The object of devotion in Nichiren Buddhism, called the Gohonzon, takes the form of a scroll inscribed with Chinese and Sanskrit characters. SGI members receive their own Gohonzon that they enshrine in their homes and which they focus on when they chant.
The significance of the Gohonzon lies not in the literal meaning of the characters, but in the fact that it is was created by Nichiren as the physical embodiment, in the form of a mandala, of the eternal and intrinsic law of Nam-myoho-renge-kyo. The phrase "Nam-myoho-renge-kyo Nichiren" is written in bold characters down the center of the scroll.
Nichiren inscribed a Gohonzon for the happiness of all humanity on October 12, 1279, in this case with the letters carved into wood. In doing so, it was his sole purpose to help any person, regardless of gender, race or status, experience the same enlightened state of being that he had attained.
The Gohonzon is an embodiment of the Buddha state that exists within every one of us. However, for most of us, this state remains an unrealized potential; it is latent but needs to be "activated." Through daily practice in front of the Gohonzon we can reveal that latent Buddha nature. The Gohonzon is in a sense like a spiritual exercise machine--through using it we develop our lives; simply possessing it is not enough.
Nichiren encourages us, "when you chant myoho and recite renge, you must summon up deep faith that Myoho-renge-kyo is your life itself" (The Writings of Nichiren Daishonin, p.3). Nichiren teaches us, in other words, that one's life is the greatest treasure.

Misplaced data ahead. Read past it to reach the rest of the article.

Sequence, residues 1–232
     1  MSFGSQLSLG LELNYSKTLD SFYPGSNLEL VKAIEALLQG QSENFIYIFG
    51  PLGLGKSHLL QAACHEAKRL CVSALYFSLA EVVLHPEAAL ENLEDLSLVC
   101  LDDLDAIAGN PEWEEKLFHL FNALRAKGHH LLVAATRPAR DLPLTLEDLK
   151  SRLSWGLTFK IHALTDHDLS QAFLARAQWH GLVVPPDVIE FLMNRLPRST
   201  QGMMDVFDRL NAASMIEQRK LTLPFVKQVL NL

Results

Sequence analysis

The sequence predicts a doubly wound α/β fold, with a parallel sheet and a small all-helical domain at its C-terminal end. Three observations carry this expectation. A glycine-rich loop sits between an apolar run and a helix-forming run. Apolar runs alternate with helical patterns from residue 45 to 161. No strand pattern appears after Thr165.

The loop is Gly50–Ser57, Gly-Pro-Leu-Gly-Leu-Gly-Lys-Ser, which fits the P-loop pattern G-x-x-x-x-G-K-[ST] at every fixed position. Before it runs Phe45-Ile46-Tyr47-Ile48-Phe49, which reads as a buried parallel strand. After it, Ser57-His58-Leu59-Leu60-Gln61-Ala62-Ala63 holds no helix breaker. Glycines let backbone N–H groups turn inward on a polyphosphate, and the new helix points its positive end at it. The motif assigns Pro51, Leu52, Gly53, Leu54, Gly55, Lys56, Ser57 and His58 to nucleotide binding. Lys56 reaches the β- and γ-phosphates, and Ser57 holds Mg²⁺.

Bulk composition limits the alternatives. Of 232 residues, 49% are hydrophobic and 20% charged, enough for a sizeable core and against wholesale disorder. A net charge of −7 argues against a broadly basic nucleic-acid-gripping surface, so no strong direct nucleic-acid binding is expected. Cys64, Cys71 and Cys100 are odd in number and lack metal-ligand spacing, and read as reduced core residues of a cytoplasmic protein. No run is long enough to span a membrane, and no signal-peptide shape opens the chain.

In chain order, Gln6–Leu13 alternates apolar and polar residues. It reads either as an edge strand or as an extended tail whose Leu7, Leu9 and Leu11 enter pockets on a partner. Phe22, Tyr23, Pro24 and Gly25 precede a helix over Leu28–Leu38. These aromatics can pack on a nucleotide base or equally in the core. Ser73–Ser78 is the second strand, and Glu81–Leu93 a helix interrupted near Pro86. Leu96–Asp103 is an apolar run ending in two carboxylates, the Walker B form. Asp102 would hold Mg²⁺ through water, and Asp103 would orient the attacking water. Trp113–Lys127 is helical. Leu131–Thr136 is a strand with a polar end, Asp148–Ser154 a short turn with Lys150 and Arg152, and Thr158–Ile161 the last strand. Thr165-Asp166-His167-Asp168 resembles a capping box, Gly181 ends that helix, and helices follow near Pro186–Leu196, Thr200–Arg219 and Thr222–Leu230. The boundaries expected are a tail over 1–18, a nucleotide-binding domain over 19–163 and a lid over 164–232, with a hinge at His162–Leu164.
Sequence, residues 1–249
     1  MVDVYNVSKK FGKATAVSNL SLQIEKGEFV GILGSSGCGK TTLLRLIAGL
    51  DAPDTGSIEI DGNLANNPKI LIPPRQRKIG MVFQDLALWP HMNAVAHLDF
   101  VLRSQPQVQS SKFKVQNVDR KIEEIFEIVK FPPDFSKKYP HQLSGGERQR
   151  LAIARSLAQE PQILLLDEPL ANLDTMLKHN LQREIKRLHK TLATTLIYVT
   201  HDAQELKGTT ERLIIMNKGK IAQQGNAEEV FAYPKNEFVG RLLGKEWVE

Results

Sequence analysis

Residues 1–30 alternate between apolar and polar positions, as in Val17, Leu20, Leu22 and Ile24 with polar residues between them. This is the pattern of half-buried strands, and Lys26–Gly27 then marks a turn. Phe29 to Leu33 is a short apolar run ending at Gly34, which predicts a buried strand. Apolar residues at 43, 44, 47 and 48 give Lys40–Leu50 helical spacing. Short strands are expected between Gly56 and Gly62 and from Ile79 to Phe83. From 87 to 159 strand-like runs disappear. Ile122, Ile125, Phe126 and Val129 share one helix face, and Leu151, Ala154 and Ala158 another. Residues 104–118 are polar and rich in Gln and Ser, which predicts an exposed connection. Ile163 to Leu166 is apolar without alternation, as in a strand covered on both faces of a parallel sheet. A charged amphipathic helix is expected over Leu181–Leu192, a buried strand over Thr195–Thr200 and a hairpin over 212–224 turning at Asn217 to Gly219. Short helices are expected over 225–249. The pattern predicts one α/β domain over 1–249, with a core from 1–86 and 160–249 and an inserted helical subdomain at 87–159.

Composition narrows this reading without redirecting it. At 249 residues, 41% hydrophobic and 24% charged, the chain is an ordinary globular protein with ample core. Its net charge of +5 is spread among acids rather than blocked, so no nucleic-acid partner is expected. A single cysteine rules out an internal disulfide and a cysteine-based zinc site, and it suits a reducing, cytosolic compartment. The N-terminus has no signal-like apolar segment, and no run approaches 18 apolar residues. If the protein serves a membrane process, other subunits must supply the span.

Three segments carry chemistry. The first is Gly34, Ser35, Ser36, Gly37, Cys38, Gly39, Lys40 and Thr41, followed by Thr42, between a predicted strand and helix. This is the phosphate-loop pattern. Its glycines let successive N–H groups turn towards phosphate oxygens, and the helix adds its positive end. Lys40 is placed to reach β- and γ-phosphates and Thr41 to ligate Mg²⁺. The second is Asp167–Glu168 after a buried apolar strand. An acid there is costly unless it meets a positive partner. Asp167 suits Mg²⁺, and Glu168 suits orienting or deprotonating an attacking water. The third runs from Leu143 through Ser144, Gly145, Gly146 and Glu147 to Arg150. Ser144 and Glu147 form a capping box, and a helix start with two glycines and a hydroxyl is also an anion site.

Our inner life-condition changes constantly as we come into contact with different external stimuli: people, the weather, a piece of music, the color of the walls . . . all create some kind of influence on us. A painting can cause the viewer to feel enraptured, calm or disgusted, and a letter can cause joy or shock and dismay. The Gohonzon is the stimulus that helps us draw forth this most enlightened state of life, perceive the Buddha state as the true nature of our life, and live in harmony with our environment.
To convey his message, Nichiren based the graphic image of the Gohonzon on a scene from the Lotus Sutra and on the theory of the mutual possession of the Ten Worlds, which expresses that the world of Buddhahood exists as a potentiality in any given moment or life-condition of an individual. In other words, the world of Buddhahood does not lie outside of one's daily existence or being--it is inherent in one's life.
The large characters "Nam-myoho-renge-kyo" down the center of the Gohonzon depict this realization. To the left and right of "Nam-myoho-renge-kyo," written in smaller characters, are various figures that represent the Ten Worlds in the life of the Buddha. Nichiren graphically indicated that all ten worlds are illuminated by Nam-myoho-renge-kyo, or the Mystic Law, and are contained within the world of Buddhahood and vice versa.
Simply stated, all beings are Buddhas. It is just a matter of awakening to this realization and living in a way that manifests this truth. In Nichiren Buddhism, chanting to the Gohonzon and taking action for the sake of others is the way to achieve this.
[Adapted from Soka Gakkai International (SGI) website]